My Monday Morning Cup | Coping with Shame

Recently, I came to grips with shame. It wasn’t really a feeling I knew I had until doing a study on the book of Jonah in preparation for a sermon. In Jonah 4, God addresses Jonah’s shame. Imagine being God’s prophet and your prophecy doesn’t come true. To make matters worse, Jonah’s missionary journey ends in the repentance of his people’s hated enemy.

For me, shame rested in not being good enough. You see, my Dad nicknamed me his bad seed. Mind you, he never said it to me. However, he shared his pet name for me with his closest friends. Although I had caught a whiff of it here and there, I didn’t know this is how he referred to me until someone confirmed it after his memorial service. I wonder what he thought as I delivered his eulogy?

Bad seed. Bad as in defective, faulty. Bad as in there’s something wrong with you. And there in lies the very definition of shame. There was something wrong with me.

Guilt is what you sense when you do something wrong. Shame is what you feel when you believe there’s something wrong with you.

Like I mentioned before, I didn’t realize that I had been carrying around this big sack of shame throughout my life. But, as I prepared to deliver my sermon on Jonah, the Holy Spirit brought it to my attention and made me deal with it. Over the years, I’ve learned that’s often the case with sermons; the Lord works on you first so that you can deliver the Word effectively.

This change of plans greatly upset Jonah, and he became very angry. So he complained to the Lord about it: “Didn’t I say before I left home that you would do this, Lord? That is why I ran away to Tarshish! I knew that you are a merciful and compassionate God, slow to get angry and filled with unfailing love. You are eager to turn back from destroying people. Just kill me now, Lord! I’d rather be dead than alive if what I predicted will not happen.” The Lord replied, “Is it right for you to be angry about this?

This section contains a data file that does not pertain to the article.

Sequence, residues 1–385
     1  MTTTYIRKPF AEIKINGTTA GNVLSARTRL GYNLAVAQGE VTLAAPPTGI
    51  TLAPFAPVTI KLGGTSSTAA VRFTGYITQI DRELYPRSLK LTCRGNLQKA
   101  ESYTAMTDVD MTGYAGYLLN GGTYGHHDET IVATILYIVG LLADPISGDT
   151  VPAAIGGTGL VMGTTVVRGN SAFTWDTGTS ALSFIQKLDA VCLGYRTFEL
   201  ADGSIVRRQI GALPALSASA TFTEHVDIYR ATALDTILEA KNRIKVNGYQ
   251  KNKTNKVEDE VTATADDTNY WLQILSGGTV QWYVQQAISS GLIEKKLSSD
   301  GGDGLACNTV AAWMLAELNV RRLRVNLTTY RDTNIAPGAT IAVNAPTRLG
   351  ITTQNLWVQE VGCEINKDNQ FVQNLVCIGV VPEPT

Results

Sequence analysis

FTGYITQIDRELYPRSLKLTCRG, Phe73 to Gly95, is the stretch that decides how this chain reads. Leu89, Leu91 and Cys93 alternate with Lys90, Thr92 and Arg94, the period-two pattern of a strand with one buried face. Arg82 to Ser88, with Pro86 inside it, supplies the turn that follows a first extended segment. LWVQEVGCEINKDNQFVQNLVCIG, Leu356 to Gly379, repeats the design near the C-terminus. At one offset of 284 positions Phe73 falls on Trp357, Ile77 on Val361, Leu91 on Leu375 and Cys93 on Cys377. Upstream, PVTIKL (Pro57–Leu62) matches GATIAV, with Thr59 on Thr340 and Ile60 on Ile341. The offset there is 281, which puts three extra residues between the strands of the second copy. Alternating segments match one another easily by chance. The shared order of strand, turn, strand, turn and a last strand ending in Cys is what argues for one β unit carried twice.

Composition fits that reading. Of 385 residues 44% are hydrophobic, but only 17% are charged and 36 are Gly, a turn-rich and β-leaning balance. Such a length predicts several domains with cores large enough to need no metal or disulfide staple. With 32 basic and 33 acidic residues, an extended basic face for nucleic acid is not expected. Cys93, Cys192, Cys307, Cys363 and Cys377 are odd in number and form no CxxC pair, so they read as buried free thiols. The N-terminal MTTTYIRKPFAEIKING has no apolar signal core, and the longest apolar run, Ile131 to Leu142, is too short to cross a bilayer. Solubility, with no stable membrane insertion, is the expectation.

Jonah 4:1-4 (NLT)

Imagine that you’re a prophet called by God and you realize in accomplishing His will that what you prophesied won’t come true? And your people’s most feared and reviled enemy repented because of the prophecy you delivered to them!

Yeah. Imagine what Jonah must have been thinking. He was pissed. He burned with anger.

I think Jonah’s outburst of anger is rooted in his shame.

Shame usually results when we look inward and do a self-inventory with a super-critical eye. We beat ourselves to a pulp for things we have zero control over. Shame breathes life into undesirable emotions like anger, self-disgust, and feelings of worthlessness.

Last I checked, your value comes from the Lord, not from humans! You matter because God declares you matter.

Other people’s opinion of you are just that: opinion. As a believer, my primary goal is to live a life that’s pleasing to God.

In grappling to overcome shame, I had to reconfigure my inner dialogue. I realized I desperately needed to be more kind to myself in my internal conversations. I had to acknowledge my sense of shame and examine where it stemmed from and what evidence existed to give my sack of shame any validity. I sought an eternal perspective as well as the feedback of trustworthy friends.

Shame, in my experience, is worse than guilt. Left unaddressed and untreated, shame becomes a silent killer.

Not everything that is faced can be changed, but nothing can be changed until it is faced.

James Baldwin

Ultimately, for me, I had to share my shame in public while preaching God’s word in front of a crowd. I had to give it words. I had to speak it out loud in order to overcome it. The Spirit showed me that this was the only way for me to slay the dragon of shame.

I pray all is well with your soul, my dear reader. Feel free to share your thoughts and own experiences coping with shame in the comments section below.

Humbly,

The Devotional Guy™

5 Comments

  1. Shame slips up on me sometimes when I watch what I call my, “Negative Highlight Reel.” It could be something that happened years ago, but I allow myself to revisit it. Usually nothing can be done to change what happened. Yet I allow myself to wallow in shame anyway.

    Unearned guilt and shame are a powerful tool of the enemy. James Stockdale, former Vietnam war POW, said it was the most devastating weapon of torture used by his captors.

    The devil and his buddies like to use it too. But, like you said, it’s what God says about us that matters most. He restored Jonah, and can do the same for us.

    Blessings.

    Liked by 1 person

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